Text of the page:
video: Lament
video of Marly Youmans's poem, Lament

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Marly Youmans



        c. 117 BC

      My child was found out by our Roman law
      And so “consigned to sea,” as is the way
      When citizens are born hermaphrodite
      And made “different from the human race.”
      I had my Cyprian for thirteen years,
      Until he was beset by woman’s pains,
      Until his breasts began their flowering.
      An omen, others said, a monstrous sign,
      And though he clung to me, and I to him,
      The soldiers dragged my child away from home.

      My heart was like a city sown with salt,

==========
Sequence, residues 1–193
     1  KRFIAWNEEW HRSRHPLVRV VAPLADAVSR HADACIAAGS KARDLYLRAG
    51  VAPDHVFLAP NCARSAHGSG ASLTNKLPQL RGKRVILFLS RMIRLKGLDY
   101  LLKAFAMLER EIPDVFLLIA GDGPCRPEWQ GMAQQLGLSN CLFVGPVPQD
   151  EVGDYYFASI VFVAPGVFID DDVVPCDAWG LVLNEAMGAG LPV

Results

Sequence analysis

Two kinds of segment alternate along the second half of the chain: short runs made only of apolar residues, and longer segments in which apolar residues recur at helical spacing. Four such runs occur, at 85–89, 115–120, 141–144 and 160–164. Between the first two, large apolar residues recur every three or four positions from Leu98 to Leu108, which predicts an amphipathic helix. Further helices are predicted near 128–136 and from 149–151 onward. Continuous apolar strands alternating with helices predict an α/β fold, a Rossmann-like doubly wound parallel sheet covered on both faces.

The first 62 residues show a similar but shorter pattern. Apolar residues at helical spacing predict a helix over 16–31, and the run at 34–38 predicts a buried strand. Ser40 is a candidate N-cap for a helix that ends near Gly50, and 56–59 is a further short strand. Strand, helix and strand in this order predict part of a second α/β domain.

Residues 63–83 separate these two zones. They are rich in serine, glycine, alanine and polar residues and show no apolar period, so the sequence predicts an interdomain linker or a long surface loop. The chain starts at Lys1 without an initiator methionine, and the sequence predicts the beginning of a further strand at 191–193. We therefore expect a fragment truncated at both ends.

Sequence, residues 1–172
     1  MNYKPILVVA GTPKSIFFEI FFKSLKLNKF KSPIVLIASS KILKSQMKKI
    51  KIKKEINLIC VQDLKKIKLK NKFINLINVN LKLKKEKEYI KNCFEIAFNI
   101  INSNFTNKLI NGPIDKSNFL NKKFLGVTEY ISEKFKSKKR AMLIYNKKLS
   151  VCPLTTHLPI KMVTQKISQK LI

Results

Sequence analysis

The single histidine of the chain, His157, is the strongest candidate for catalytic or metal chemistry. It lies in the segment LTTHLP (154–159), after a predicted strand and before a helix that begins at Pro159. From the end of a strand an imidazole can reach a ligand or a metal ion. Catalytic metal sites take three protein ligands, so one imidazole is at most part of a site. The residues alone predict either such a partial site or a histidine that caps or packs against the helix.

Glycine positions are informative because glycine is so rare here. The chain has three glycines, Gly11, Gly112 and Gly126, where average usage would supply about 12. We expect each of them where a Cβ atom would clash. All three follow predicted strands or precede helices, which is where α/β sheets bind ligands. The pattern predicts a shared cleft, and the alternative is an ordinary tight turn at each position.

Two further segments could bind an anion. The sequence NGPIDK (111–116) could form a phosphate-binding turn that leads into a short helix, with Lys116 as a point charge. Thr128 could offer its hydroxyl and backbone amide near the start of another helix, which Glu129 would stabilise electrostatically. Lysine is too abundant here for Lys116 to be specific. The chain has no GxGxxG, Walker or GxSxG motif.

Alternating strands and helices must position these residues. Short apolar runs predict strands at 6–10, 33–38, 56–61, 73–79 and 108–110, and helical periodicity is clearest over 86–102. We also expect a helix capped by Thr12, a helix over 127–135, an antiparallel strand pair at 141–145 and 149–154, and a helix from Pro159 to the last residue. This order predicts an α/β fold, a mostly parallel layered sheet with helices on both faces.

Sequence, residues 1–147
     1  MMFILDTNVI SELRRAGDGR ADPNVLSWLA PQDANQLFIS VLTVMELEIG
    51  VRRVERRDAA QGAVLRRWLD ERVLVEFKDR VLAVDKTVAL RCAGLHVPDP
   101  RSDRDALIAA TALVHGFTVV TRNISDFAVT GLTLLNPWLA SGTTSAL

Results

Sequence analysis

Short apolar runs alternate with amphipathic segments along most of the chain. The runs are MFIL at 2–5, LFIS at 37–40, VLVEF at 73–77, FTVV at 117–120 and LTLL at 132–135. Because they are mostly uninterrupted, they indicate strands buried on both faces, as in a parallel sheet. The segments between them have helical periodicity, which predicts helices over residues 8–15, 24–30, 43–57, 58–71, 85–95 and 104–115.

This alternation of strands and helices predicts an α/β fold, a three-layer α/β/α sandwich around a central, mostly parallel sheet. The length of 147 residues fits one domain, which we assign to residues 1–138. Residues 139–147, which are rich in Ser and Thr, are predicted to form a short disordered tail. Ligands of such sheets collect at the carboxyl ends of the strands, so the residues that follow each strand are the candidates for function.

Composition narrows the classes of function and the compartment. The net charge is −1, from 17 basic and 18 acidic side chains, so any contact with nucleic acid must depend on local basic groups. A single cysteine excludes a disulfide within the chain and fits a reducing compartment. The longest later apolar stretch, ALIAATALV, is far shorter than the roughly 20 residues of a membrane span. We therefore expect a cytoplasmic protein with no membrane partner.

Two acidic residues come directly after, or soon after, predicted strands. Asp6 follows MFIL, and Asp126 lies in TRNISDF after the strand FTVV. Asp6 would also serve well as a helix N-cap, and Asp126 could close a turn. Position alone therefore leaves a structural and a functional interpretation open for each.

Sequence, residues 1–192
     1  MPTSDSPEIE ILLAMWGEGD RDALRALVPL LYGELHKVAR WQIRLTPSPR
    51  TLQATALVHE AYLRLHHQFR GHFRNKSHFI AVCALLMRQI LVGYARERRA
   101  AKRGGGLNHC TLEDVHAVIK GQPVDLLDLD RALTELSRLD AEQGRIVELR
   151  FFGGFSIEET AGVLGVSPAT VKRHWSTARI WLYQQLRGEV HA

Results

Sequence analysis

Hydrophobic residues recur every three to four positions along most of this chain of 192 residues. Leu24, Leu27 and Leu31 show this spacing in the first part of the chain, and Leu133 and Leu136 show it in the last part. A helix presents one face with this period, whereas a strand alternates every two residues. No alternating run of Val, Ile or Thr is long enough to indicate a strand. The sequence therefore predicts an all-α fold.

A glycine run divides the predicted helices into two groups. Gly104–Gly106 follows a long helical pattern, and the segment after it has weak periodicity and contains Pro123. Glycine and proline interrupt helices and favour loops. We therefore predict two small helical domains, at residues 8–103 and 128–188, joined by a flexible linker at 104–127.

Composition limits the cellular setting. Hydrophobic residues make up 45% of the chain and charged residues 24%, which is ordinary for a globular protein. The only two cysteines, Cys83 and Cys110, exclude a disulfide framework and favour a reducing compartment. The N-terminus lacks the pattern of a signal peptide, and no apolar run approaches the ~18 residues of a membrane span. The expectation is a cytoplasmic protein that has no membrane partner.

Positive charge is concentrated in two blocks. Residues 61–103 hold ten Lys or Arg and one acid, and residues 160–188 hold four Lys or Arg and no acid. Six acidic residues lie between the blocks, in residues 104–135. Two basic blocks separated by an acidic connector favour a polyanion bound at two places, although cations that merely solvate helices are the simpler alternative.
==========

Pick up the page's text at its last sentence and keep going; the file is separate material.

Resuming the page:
Cursed and consecrated to death and grief,
      Its people borne away to slavery.

      Here is the very spot where I stood watch,
      My arm upraised till changed to stars of pain,
      The boat dwindling into far distances—
      Then a little splash and nothing more,
      My numb hand falling like a weight of stone,
      As if consigned to plumb a sea of tears.
      A skilled stonemason marked the place for me,
      Though no one sleeps inside this little tomb
      Engraved with Cyprianus—still I kneel
      To grace his name with shells and violets.